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19th Century Women Travellers in Egypt

19th Century Women Travellers in Egypt

An Egyptian Girl 1877

There are many reasons to travel, relaxation, climate, interests and experiencing new cultures.
Many who visit Egypt remember studying the Egyptians in Primary school and harbour a desire to visit since then. Our own imaginations conjure pictures of the Grand Tour Era where wealthy, usually young men were sent for weeks, months and sometimes years to visit the heritage sites of Europe and beyond. Or we dream of making amazing archaeological finds like Howard Carter or just relaxing with cocktails of the terraces of the Grand Hotels of the era.
What we often do not realise is that some of the most detailed descriptions we have of travels and places were written by women of the 17th to 19th Centuries. They would travel either as the wives or daughters of the gentry families and often they would have sat and watched, rather than take an active part in whatever was going on and would then record in writings and drawings what they were observing.
Many of these ladies’ writings caused great interest, especially in other women reading them at the time but are largely now overshadowed by the well-known names of the time, Howard Carter, Lord Caernarvon, Flinders Petrie,

An Egyptian Girl 1877

Here we are going to do a series on women travellers in the 18th and 19th century and hope it inspires you to find out a bit more and possible read some of their works.
Our first is Sophia Poole.
Her writings, in the form of letters, covered her arrival in Alexandria and travels up the Nile from Cairo aboard a Dahabiya, and her life in Cairo. In London she caused quite a sensation as it was, of course, acceptable for a man to travel and learn and write about different cultures but an English gentlewoman dressing up in Egyptian dress, wearing Turkish “trousers” and visiting markets and harems and even worse taking Turkish baths with the natives was the gossip of the tea houses in London of the time.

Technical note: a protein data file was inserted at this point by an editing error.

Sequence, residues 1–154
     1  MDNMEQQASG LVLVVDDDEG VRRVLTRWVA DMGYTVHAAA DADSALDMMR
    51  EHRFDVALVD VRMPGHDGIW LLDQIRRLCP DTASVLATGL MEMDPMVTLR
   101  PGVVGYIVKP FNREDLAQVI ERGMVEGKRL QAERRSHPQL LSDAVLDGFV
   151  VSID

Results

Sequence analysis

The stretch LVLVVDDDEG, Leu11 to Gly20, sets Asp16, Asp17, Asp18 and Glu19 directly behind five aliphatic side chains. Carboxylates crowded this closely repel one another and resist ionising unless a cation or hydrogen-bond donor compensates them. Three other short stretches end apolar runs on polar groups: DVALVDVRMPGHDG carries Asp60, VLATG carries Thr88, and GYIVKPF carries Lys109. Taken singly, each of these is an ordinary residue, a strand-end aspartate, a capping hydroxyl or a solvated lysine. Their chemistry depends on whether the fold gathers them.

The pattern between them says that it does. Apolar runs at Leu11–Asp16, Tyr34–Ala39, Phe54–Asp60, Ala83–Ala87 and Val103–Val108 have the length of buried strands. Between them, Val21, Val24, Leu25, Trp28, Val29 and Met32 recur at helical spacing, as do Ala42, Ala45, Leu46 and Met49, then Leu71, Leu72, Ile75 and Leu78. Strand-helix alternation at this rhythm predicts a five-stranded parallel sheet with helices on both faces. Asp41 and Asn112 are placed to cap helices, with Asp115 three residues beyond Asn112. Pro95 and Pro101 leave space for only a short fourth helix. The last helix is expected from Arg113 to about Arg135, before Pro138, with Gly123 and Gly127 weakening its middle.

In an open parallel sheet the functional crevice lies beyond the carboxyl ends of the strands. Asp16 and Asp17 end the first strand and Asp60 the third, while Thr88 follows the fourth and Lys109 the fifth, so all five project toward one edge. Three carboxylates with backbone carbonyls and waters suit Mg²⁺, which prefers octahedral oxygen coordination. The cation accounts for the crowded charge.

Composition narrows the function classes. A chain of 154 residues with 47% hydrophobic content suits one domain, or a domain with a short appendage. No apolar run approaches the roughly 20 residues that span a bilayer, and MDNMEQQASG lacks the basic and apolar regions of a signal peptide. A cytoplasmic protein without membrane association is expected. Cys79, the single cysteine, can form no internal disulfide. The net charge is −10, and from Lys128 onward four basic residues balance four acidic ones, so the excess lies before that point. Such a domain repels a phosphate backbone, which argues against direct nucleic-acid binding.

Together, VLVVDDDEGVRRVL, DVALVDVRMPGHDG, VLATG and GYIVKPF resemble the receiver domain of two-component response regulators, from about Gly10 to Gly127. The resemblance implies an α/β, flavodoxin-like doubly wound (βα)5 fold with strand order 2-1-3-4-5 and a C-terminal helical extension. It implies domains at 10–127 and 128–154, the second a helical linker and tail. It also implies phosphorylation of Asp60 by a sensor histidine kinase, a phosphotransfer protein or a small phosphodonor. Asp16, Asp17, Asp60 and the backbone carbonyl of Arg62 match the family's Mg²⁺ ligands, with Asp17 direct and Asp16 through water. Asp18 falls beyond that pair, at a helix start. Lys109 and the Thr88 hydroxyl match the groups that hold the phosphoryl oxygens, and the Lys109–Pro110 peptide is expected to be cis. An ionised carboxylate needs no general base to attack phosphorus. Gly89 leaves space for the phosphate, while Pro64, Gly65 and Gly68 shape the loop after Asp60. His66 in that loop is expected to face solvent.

Sophia Lane Poole (1804–1891) was the sister of the famous Edward William Lane, who was an eminent Arabic scholar who travelled the Nile and later went to live in Cairo. He is best known for his translation of the Arabian Nights (1832-41). Acknowledged as one of the leading Arabic scholars in Europe he obviously had a great influence on Sophia who after separating from her husband Edward Poole, at her brother’s suggestion went with her sons to join him in Egypt so that she could report on the female side of Egypt’s gender-segregated society. The result was her book of letters The Englishwoman in Egypt (1844-46) which was an immediate hit.

Her brother’s encouragement is clear in one letter where she wrote:

“The opportunities I might enjoy of obtaining an insight into the mode of life of the higher classes of the ladies in this country, and of seeing many things highly interesting in themselves, and rendered more so by their being accessible only to a lady, suggested to him the idea that I might both gratify my own curiosity and collect much information of a novel and interesting nature, which he proposed I should embody in a series of familiar letters to a friend”.
However, Sophia was actually collecting and making a serious study of the lives of women particularly in Cairo at that time. She learned Arabic and interacted with all levels of Society including the family of the viceroy Mohamed Ali Pasha and recorded all her experiences to the delight of all those who read them as it was a unique perspective at that time, Egypt from a woman’s attempt to feel and understand the culture.